Jerry Jones CPA
Wouldn’t it be nice to have a CPA that you deal directly with, that understands your business, that works in all 50 states and is there for you when you need him?
“Jerry has been completing my very complex tax returns for the past 10 years. He is an efficient, effective and highly competent CPA who returns great value for services performed. I highly recommend him to anyone seeking such expertise”.
Dennis F. Taxpayer

15 THINGS YOU SHOULD KNOW ABOUT THE DIFFERENT TAX BRACKETS

Tax-brackiet-advice-jerry-jonesThe 2017 Tax Cuts and Jobs Act went into effect on January 3. As part of the new legislation, all of the tax brackets have changed. For most Americans, the changes will offer some tax relief. However, the majority of the impact of the new legislation will be on businesses.

Both single filers and couples filing jointly will see differences in their tax liability. Let's take a look at 15 things you need to know about the new income brackets and tax rates and how they'll affect you.

1. 7 TAX BRACKETS REMAIN

The Act keeps the seven income tax brackets but lowers the tax rates for each. That means most Americans will see some relief when it's time to figure how to pay those taxes.

Don't Fall for These 20 Common Tax Myths

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To say the U.S. tax system is confusing is an understatement, so it's no wonder there are many misconceptions about the rules. The good news is that most people make less than $100,000 in a year and have no income other than their paychecks, so they can fill out the comparatively brief and very direct short form; almost everyone who uses the 1040EZ can fill it out themselves. For everybody else, though, the baffling mysteries of the tax code prevail, and can ultimately cost money. To help unravel some of the perplexities of the system, here are 12 common tax myths debunked. It might save money and sanity when the deadline rolls around.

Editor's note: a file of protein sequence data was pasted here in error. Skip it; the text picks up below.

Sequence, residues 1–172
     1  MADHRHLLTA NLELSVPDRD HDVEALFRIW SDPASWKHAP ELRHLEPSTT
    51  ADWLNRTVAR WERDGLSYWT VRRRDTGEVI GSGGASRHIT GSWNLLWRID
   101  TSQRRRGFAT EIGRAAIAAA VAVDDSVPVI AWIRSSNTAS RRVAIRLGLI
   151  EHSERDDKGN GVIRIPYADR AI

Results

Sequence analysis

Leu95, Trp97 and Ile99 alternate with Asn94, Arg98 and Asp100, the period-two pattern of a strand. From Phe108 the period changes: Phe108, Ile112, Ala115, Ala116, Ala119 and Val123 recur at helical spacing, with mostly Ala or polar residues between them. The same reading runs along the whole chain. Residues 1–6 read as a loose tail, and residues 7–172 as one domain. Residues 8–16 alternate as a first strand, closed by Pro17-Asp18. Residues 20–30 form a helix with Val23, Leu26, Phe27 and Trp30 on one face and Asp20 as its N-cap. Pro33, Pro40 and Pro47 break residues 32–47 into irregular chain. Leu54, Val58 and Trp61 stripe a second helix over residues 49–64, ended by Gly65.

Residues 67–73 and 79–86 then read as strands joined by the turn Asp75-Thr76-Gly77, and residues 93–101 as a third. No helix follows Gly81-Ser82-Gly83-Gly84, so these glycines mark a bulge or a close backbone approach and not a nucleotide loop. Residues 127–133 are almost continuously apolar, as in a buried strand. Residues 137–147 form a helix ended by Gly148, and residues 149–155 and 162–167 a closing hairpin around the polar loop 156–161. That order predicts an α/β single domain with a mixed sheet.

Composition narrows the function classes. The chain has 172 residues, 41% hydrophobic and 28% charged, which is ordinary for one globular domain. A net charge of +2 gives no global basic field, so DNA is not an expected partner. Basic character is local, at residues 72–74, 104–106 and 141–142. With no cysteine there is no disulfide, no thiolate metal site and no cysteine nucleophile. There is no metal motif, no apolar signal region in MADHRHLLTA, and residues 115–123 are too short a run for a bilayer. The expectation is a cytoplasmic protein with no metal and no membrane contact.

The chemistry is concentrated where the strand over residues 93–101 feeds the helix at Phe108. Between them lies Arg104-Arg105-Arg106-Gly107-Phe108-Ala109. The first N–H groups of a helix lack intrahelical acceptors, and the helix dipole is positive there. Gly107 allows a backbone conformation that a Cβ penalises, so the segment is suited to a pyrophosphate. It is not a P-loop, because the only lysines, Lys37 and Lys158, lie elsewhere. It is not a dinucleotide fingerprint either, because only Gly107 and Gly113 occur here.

Interest on Home Equity Loans Often Still Deductible Under New Law

WASHINGTON - The Internal Revenue Service today advised taxpayers that in many cases they can continue to deduct interest paid on home equity loans.

Responding to many questions received from taxpayers and tax professionals, the IRS said that despite newly-enacted restrictions on home mortgages, taxpayers can often still deduct interest on a home equity loan, home equity line of credit (HELOC) or second mortgage, regardless of how the loan is labelled. The Tax Cuts and Jobs Act of 2017, enacted Dec. 22, suspends from 2018 until 2026 the deduction for interest paid on home equity loans and lines of credit, unless they are used to buy, build or substantially improve the taxpayer's home that secures the loan.

Under the new law, for example, interest on a home equity loan used to build an addition to an existing home is typically deductible, while interest on the same loan used to pay personal living expenses, such as credit card debts, is not. As under prior law, the loan must be secured by the taxpayer's main home or second home (known as a qualified residence), not exceed the cost of the home and meet other requirements.